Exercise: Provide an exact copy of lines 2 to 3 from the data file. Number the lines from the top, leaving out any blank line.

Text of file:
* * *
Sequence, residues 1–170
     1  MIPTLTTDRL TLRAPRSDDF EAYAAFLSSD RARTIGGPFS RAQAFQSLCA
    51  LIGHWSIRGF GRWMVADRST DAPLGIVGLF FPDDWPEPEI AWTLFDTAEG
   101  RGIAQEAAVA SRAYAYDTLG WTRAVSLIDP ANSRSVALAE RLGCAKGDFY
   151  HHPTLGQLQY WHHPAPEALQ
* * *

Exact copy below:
     1  MIPTLTTDRL TLRAPRSDDF EAYAAFLSSD RARTIGGPFS RAQAFQSLCA
    51  LIGHWSIRGF GRWMVADRST DAPLGIVGLF FPDDWPEPEI AWTLFDTAEG